Unfortunately, the criminal law has not kept pace with these developments. Despite the fact that we now know, uncontrovertibly, that a person who has an undetectable viral load is unable to transmit the virus sexually (that U = U), and that Pre-Exposure Prophylaxis (PrEP) practically eliminates the risk of acquisition, relatively few countries have actively reviewed and / or repealed their laws or prosecution practices to reflect this. This is despite a number of national, regional, and global policy and legal reform projects and initiatives. Some of these have recommended abolishing HIV-specific laws, severely curtailing the use of criminal law, and repealing those laws (such as those that criminalise sex work, homosexuality, and drug use) which directly or indirectly impede access to prevention and treatment technologies and services by those at higher risk of HIV acquisition. The most significant such initiative to date has been the Global Commission on HIV and the Law, which reported in 2012 and 2018. Others, led by leading scientists and clinicians, have sought to influence and educate legislators, judges, and those working in the criminal justice system by explaining the HIV transmission risk associated with different kinds of sexual activity and the benefits of effective treatment, and suggesting that it is no longer legitimate to treat HIV-infection per se as a serious bodily harm. The most important, and potentially most influential of these, is the Expert Consensus Statement published at the World AIDS Conference in Amsterdam in 2018.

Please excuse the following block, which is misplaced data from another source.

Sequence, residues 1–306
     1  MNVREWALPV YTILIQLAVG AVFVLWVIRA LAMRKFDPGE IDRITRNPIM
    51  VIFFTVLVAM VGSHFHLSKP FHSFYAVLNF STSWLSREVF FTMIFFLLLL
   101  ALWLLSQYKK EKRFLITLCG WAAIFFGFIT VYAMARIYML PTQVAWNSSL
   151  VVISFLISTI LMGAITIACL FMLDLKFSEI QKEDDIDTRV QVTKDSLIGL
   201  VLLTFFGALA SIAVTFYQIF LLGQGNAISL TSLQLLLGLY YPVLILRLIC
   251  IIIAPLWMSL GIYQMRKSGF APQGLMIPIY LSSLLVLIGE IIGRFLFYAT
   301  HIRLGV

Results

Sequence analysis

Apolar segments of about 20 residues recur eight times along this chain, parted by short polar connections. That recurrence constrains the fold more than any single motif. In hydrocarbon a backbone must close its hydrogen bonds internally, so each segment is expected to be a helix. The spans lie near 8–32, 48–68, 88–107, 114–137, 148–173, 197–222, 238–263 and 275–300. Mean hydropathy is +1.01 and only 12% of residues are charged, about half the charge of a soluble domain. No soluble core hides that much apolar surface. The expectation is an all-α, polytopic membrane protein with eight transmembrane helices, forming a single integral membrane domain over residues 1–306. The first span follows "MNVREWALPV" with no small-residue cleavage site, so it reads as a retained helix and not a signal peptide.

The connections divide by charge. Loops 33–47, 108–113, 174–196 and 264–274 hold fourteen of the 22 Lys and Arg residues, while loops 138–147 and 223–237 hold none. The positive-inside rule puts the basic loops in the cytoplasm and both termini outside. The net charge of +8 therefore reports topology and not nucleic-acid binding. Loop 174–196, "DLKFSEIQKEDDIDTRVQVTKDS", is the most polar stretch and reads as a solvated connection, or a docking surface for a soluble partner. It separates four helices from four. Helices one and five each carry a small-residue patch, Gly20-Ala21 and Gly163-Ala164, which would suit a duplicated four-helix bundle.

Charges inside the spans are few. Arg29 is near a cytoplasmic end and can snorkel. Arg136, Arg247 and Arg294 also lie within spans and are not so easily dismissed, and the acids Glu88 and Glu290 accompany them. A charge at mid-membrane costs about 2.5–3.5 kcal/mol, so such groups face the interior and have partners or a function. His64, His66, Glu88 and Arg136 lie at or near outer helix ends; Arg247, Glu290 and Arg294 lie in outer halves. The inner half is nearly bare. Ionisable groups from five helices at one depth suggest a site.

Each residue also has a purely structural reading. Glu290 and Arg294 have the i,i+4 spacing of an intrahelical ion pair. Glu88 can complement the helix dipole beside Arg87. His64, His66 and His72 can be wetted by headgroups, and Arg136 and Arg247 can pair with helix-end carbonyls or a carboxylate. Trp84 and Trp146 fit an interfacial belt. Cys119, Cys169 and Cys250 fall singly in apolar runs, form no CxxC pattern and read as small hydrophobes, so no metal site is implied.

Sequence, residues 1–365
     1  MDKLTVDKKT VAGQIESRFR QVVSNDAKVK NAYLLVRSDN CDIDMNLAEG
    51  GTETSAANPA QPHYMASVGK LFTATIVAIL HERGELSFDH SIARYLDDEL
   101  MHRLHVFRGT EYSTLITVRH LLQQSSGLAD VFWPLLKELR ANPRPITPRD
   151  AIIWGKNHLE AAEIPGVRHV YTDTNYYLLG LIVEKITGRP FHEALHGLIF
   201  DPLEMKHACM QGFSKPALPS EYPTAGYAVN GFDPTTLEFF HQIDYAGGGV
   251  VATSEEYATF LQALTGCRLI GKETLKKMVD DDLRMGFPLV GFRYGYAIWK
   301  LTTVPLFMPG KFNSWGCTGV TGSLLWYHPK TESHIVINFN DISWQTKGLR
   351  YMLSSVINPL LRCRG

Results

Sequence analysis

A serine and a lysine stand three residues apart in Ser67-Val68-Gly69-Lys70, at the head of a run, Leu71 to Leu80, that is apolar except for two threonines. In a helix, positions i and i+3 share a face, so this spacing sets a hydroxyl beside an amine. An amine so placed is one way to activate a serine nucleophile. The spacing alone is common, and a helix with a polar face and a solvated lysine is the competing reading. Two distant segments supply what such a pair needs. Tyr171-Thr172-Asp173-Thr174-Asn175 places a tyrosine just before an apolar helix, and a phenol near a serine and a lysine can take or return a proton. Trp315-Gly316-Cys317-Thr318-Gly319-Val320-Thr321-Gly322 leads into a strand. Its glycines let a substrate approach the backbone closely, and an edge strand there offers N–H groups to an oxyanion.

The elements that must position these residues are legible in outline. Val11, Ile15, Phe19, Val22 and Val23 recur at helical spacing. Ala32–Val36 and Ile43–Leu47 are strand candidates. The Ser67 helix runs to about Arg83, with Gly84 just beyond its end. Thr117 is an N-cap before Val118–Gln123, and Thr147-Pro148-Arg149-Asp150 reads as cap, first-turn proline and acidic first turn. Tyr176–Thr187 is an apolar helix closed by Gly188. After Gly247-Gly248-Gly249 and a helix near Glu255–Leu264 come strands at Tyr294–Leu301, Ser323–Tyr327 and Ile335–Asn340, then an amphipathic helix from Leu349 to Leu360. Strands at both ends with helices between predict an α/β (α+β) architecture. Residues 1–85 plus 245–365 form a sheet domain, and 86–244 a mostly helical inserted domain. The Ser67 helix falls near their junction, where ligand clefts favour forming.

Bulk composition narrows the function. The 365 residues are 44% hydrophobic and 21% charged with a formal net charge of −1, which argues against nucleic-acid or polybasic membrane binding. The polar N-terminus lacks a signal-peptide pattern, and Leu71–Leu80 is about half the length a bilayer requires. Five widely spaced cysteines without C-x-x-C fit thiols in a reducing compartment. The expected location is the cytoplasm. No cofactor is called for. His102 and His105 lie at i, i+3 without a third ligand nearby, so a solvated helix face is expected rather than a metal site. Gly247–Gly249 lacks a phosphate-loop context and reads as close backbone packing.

It remains to be seen what the long-term impact of these interventions will be. Certainly some countries have acted on the evidence gathered by, and recommendations of, the Global Commission; and some jurisdictions have acknowledged that it is absurd to criminalise those who fail to disclose their HIV-status when there is no risk of onward transmission. Such positive developments will be welcomed by anyone committed to ensuring that the criminal law is not used as a blunt and ineffective tool in the fight against HIV. However, it is important to acknowledge that to the extent that criminalisation is reduced because of the availability of treatment, it will only be those in a position to access treatment who will benefit. Those for whom treatment is unavailable and / or inaccessible, or who for reasons beyond their immediate control find adherence difficult, will not benefit to the same extent, if at all
It will only be when governments acknowledge that there are fundamental, rights-based, arguments for de-criminalisation that those at highest risk of HIV acquisition will be adequately protected; and it will only when HIV is recognised as an environmental phenomenon and as fact of life for some people (rather than something that should be treated axiomatically as a serious bodily harm) that comprehensive de-criminalisation will, or can, be achieved.
Limit Cases: How and Why We Can and Should Decriminalise HIV Transmission, Exposure, And Non-Disclosure by Matthew Weait was published in the Medical Law Review